This bodes well for the vastly improved online modes, replete with online lobbies, Team Battles, Endless Battles (king of the hill style), and the ability to mute players if need be (thank you). The Replay Channel, dubbed “Street Fighter TV” by Capcom insiders, allows you not only to record your epic matches, but also to watch replays from a thick database, especially videos between high-ranking opponents for techniques and combos. You can even use slo-mo, view input data, and make a viewing party. And you’ll know which ones to watch because the best players will have near the highest Battle Points (and matching letter grade) for a specific fighter or the highest Player Points for an overall ranking.
The enhancements don’t stop there, either. Every character is unlocked from the beginning, so you don’t have to spend several days unlocking everyone. The nostalgic car and barrel smashing bonus stages have returned, though they’re too easy and not scaled to the difficulty setting. A handful of stages have been added, with props going to the African Solar Eclipse and Construction Site. You can unlock an option to listen to arranged music previously reserved for Rival Battles for all fights, and the intro song isn’t the irritating “Indestructible” Justin Timberlake crap from before (though SFIII: Third Strike‘s soundtrack is still superior). Even better, fighting feels slightly swifter, about one star or so if we’re going by traditional SF units.
Super fails to address several nagging omissions in the original title, and even includes some mishaps of its own. It’s understood that stories in Street Fighter are simple to the point of mental numbness, but the stories found here are generally trivial, generic, unmemorable, and poorly animated in the intro sequences – usually just still frames with a bunch of zooming in and out. Worse, the gallery for viewing intros and endings has bewilderingly disappeared. Losing a match in Arcade mode also still goes without a rematch function, so you have to spend about twenty seconds of unnecessary loading time each time you lose.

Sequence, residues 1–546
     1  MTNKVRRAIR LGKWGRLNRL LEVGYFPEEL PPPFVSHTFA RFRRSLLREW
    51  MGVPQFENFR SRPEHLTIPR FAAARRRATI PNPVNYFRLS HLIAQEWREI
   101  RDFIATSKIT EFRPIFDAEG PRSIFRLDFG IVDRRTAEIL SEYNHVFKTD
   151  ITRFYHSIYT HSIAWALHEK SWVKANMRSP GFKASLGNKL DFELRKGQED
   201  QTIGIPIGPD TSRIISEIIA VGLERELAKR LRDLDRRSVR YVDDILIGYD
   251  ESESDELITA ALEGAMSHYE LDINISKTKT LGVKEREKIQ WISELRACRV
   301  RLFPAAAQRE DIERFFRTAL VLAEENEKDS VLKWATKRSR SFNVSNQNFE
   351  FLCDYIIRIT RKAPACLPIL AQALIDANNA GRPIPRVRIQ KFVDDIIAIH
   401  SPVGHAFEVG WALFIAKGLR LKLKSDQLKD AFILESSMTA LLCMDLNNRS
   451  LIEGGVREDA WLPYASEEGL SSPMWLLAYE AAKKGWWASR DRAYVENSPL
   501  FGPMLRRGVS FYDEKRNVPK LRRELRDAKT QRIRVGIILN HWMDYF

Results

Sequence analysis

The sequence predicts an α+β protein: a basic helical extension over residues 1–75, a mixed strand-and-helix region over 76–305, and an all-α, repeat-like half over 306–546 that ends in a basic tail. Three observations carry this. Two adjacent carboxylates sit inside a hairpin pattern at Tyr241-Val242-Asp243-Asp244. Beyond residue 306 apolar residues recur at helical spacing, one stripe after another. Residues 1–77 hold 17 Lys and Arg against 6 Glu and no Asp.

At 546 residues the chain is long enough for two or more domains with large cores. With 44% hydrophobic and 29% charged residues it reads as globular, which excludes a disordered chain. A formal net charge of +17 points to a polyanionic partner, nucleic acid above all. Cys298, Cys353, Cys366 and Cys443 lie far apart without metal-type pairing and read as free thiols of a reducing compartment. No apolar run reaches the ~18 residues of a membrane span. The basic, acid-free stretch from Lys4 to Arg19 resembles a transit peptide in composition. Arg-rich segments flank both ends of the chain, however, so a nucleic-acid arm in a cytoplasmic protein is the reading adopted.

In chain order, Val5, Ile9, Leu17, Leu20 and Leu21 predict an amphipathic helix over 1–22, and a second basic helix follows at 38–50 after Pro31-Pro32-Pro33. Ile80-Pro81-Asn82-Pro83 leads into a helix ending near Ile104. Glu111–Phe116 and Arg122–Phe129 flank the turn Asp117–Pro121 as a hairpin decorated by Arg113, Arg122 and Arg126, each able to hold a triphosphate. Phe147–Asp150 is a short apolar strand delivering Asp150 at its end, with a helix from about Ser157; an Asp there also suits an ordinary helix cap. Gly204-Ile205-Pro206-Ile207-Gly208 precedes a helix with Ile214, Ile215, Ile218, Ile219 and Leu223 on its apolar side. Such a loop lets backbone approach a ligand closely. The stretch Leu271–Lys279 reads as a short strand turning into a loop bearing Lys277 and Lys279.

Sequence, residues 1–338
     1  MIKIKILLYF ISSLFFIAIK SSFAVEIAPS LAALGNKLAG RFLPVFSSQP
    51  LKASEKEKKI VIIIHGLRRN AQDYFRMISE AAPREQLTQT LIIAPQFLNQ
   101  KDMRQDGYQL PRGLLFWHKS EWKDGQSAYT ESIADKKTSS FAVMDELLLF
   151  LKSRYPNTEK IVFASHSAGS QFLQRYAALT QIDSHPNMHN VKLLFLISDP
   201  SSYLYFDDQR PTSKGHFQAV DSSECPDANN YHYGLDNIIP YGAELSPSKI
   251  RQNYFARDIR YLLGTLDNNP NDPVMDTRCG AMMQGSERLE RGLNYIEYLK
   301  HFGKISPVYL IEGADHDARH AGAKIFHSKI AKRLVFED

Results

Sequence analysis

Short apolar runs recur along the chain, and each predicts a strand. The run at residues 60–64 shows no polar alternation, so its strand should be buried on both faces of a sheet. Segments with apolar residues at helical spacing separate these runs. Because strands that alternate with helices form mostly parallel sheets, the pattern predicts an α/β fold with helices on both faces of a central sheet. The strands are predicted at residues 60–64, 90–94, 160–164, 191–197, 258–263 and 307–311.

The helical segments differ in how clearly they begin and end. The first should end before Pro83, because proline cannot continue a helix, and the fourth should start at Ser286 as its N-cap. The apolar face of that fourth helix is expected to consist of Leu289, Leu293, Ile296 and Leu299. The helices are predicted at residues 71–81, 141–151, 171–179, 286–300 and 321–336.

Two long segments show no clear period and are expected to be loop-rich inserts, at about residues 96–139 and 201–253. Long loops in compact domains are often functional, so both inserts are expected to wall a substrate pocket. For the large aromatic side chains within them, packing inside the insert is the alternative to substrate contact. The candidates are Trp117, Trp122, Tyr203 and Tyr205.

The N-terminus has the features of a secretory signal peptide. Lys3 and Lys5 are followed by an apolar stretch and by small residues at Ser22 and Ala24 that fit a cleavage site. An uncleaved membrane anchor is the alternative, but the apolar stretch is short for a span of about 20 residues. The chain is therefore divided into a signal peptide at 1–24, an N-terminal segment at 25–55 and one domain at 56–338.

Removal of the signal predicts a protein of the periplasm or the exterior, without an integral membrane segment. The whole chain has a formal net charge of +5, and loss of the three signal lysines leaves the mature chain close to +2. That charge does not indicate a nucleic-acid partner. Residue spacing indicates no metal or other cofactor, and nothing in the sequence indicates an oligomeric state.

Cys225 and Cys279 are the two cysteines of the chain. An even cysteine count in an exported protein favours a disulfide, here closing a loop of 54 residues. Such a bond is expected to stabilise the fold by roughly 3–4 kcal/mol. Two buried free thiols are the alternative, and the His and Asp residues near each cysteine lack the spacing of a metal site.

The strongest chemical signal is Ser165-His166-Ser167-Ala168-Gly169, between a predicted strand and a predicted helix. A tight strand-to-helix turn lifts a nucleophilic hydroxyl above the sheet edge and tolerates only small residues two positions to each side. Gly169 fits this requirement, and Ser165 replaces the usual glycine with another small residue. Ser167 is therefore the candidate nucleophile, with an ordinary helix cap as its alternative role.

[image3]Trial mode has been streamlined and the input data shortcut makes it easier, but it would have been better if you could play a demonstration of the Trial combo string just to get the correct timing down (without using YouTube). For some reason, turning down the BGM to 0 still doesn’t shut the music completely off, and somehow the BGM also controls the volume of the voices in cut-scenes. Non-online system direction controls for damage ratio, speed ratio, guard damage, and super meter growth would have been good standard additions as well. Finally, unlocking all of the costume colors and taunts by selecting each character about eighteen times is just a chore.
It’s understandable if you think Capcom should’ve gotten the $60 Street Fighter IV right the first time, so we don’t have to pay another $40 for the Super version. The only thing you get for having SFIV data are brush-like graphical filters for each character, though Capcom has announced a free Tournament mode as DLC to release on June 15th, 2010. But it can also be argued that without the original Street Fighter IV, the Super version would never be, and with all the new additions, encouraging everyone to get the superior version in its entirety is better than splitting the fanbase with multiple DLC add-ons. It’s unfortunate that Street Fighter IV steals much of the would-be impact and innovation from Super Street Fighter IV, but when all is said and done, SSFIV is the best modern fighter in video games today.